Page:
Saturday, July 23, 2016

Gahan's Odyssey: A flatbed trailer truck driver circles the world just to Break Wind.

He finally made it. 

Friday morning, I was walking west on Elm Street. Just steps away from Pearl Street, my ears registered the roar of an approaching heavy truck on one-way Elm. Glancing over, I saw a long flatbed trailer loaded with stacks of wood marked "4th Floor."

Having observed the ongoing construction of the Break Wind Lofts at Duggins Flats, I reasoned the lumber was headed there, thought nothing more, and continued walking.

Now strolling south on one-way Pearl Street, I crossed one-way Spring Street, then went east on one-way Market Street, pausing only briefly to greet the morning denizens of the Art Store. At 3rd Street, I bore left and north, which brought me to one-way Spring, a right turn, and the final eastward segment of my walk, back to the house.

As I crossed 4th Street walking east, my ears registered the roar of an approaching heavy truck, on one-way Spring coming toward me, roughly adjacent to Destinations Booksellers.

That's right: A long flatbed trailer loaded with stacks of wood marked "4th Floor."

From the time I'd seen the truck it at Elm and Pearl, just after the driver came off the interstate, perhaps 8 - 10 minutes had elapsed. Apparently he'd been compelled to travel far to the east on one-way Elm in order to double back on one-way Spring and reach his entry point at the Break Wind staging yard between 4th and 5th.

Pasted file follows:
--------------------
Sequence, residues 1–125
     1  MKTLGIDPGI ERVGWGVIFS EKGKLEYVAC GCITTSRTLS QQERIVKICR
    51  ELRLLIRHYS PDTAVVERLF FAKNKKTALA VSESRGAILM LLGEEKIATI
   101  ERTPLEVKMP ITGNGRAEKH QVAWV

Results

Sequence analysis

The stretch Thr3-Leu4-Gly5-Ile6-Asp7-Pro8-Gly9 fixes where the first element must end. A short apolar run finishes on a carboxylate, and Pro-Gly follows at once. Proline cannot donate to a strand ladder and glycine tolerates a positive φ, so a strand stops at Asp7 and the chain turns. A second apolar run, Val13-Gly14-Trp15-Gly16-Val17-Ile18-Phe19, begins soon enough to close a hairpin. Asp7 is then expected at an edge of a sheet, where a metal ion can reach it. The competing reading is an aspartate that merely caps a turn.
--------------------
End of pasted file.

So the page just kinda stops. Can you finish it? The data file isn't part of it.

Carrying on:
He would have even if Elm wasn't blocked at 5th.*

If it were a two-way street grid, he might have turned right from Elm onto 4th, then left on Spring, cutting quite a few blocks traveled from his trip.

The point to this digression has nothing to do with this particular truck and its epic journey to reach the first instance in the city's history of sewer tap-in waivers as incentive to a for-profit developer.

Rather, it's to illustrate the sheer wastefulness of our one-way street grid, because every single day -- not every now and then -- drivers must add distance to their journeye owing to one-way streets, when two-way streets would make so many of these journeys more direct, saving both fuel and time.

It's the sort of fact-based thought process you'd imagine resonating in the minds of supposedly rational community pillars, and that it does not do so tells us all we need to know about their crippling prejudices.

It isn't hard for me to imagine their reaction were they to read what I've written here.

You walked all that way? 


Don't you have a car? 

Lynchburg, Virginia offers this useful overview of two-way street reconversion. Even a child of five would understand it, so can someone fetch a child of five?

Irv Stumler and Bob Caesar need assistance.

* Sentence reinserted. I think the analogy holds irrespective of the pit at 5th & Elm, but I should have made note of it.

1 comment:

Cody Thornton said...

People who have to do a lot of driving will notice the problems you have outlined fairly quickly. Those who must only utilise a route once per day may be irritated but not do anything about it. Flatbed drivers and other drivers who help to deliver goods will be more vocal about the need for more two way streets in the community.

Cody Thornton @ Mobilevalley Ltd